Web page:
Adams stated that direct rule from London was a non-starter but London and Dublin in a joint authority role would be acceptable.

The Irish and British governments should impose joint authority in Northern Ireland in the absence of agreement to re-enter the power sharing government by Sinn Féin and the DUP, Gerry Adams has said. He was speaking in an interview with The Irish Times.

Adams also stated that marriage equality and the status of the Irish language must be resolved for Sinn Féin to go back into government.

However, he said: “There are other issues – the need for ordinary governance to prevail in terms of decency, manners and respect.

“I understand respect is a two-way street. I understand all of us can say things that people find objectionable, but there is a difference between me misspeaking and you misspeaking and an entire system being offensive and refusing to tolerate.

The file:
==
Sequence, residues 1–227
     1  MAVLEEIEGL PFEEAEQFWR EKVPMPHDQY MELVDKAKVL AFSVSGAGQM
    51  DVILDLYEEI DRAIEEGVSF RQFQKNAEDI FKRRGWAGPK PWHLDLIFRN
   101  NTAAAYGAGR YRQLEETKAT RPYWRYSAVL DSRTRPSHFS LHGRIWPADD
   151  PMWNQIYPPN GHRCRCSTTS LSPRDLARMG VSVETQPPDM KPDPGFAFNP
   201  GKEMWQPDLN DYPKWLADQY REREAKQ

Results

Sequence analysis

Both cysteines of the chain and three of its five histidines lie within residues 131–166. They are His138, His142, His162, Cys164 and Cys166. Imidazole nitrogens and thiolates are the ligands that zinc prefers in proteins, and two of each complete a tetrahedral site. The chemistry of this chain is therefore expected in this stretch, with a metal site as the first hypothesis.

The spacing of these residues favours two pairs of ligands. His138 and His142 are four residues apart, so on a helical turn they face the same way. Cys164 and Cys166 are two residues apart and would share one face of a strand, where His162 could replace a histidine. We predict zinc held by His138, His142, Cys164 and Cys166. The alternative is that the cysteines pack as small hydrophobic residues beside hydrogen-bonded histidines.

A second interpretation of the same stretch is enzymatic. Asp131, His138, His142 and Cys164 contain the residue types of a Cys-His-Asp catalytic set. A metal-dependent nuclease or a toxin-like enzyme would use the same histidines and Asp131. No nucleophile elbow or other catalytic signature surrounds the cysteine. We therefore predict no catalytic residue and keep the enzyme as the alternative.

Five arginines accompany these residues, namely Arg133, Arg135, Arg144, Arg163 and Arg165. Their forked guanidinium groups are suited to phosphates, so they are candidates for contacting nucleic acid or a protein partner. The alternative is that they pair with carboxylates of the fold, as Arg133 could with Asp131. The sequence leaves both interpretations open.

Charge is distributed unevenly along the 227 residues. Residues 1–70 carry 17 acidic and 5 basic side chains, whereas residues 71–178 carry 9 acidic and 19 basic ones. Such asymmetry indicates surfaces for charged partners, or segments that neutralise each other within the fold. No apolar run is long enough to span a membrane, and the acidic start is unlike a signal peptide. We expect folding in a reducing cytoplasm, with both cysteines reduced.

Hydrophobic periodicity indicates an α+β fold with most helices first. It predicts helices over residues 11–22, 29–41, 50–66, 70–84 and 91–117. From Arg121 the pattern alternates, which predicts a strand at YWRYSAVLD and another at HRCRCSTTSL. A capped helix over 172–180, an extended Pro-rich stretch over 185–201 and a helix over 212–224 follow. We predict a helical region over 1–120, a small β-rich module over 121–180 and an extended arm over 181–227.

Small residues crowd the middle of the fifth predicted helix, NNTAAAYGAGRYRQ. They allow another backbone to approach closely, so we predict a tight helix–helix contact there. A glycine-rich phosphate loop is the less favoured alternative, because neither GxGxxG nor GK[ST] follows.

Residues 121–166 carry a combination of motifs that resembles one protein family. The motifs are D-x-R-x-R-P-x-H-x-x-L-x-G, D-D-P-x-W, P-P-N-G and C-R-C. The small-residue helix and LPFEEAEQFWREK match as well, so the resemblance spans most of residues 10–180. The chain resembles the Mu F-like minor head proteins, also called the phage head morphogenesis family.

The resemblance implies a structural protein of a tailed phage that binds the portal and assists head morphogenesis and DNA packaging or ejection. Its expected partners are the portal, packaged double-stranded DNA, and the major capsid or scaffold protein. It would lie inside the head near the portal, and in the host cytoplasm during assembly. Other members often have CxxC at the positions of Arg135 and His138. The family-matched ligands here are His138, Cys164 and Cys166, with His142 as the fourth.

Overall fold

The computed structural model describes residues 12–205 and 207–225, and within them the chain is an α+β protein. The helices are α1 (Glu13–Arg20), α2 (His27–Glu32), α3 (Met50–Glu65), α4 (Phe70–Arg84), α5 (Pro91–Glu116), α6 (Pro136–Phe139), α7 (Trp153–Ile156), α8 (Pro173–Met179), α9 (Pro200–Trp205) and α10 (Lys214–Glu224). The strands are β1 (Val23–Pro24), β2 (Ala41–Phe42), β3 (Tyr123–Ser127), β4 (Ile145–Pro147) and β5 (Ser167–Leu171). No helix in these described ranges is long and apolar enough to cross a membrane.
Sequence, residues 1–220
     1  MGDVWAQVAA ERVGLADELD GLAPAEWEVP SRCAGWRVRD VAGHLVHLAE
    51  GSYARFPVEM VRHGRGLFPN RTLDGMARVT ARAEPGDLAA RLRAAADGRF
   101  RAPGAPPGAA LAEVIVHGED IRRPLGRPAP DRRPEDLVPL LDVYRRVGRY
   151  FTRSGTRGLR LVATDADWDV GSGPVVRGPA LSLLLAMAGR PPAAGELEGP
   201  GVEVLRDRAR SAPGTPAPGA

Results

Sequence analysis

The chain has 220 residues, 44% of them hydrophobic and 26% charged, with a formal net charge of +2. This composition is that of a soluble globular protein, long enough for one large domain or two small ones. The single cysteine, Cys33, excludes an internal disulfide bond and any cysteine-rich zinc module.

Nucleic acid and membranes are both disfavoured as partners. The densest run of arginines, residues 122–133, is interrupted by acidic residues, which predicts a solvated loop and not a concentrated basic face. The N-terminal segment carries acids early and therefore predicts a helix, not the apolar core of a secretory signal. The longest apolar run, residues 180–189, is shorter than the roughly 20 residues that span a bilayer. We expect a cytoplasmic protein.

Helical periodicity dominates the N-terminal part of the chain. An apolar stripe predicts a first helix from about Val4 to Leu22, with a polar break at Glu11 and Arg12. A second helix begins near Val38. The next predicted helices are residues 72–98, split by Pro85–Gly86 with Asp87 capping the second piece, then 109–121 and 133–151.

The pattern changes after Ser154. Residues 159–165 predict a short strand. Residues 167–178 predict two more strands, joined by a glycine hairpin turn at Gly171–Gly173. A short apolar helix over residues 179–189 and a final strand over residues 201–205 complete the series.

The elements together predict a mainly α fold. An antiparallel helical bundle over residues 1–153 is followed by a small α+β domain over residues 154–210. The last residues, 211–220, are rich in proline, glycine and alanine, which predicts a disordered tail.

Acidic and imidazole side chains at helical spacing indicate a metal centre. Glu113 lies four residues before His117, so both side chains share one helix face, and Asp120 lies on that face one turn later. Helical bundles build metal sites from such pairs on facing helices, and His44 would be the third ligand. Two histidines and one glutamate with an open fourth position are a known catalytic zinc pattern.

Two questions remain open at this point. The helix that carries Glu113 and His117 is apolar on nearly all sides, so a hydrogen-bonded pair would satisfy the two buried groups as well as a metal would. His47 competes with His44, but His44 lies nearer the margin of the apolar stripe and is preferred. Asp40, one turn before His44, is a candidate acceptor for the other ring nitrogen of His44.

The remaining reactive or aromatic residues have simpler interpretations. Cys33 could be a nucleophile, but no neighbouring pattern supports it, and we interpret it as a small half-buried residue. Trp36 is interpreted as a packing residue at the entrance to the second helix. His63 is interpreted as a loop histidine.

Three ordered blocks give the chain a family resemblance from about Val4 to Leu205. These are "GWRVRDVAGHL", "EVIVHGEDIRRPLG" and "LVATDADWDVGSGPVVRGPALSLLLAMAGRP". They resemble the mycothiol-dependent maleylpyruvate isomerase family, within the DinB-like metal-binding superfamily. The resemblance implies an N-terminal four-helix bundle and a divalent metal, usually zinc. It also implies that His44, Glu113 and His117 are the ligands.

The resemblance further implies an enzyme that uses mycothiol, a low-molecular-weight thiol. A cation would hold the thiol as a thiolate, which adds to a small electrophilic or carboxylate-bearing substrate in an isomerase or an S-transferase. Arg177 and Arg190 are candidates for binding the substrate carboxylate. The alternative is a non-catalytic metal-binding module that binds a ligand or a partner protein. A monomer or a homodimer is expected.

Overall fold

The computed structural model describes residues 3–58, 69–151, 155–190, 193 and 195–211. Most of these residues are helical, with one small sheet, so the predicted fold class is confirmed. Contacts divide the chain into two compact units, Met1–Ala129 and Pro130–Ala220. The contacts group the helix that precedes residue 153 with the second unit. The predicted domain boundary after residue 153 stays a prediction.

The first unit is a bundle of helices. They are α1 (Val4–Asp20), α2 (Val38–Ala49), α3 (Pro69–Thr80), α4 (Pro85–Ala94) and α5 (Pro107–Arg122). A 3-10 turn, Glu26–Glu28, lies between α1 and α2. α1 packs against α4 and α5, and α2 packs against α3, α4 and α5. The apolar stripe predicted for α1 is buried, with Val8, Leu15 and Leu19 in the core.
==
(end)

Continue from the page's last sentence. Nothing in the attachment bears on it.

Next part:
“For unionism the challenge is: if you accept a rights-based society in the North, then you are acknowledging that the state has changed utterly. Some of them won’t do that. Most of them have come round to that view, but some in the leadership won’t.”

Read more: Northern Ireland still without government in Stormont as Brexit dominates

Adams stated that direct rule from London was a non-starter but London and Dublin in a joint authority role would be acceptable.

“It is not as good as having a local assembly. It is not as good as having the all-Ireland, east and west, infrastructure in place, but it means decisions will be taken on the island of Ireland as opposed to them being taken by somebody from Sussex, or somewhere else that does not know a thing about the thoughts, culture or needs of people in the North,” the Sinn Féin president added.

The Irish government agrees with Sinn Féin on the issue on how the North must be governed if power-sharing, as outlined in the Good Friday Agreement, is not restored.

Sinn Féin President Gerry Adams. RollingNews.ie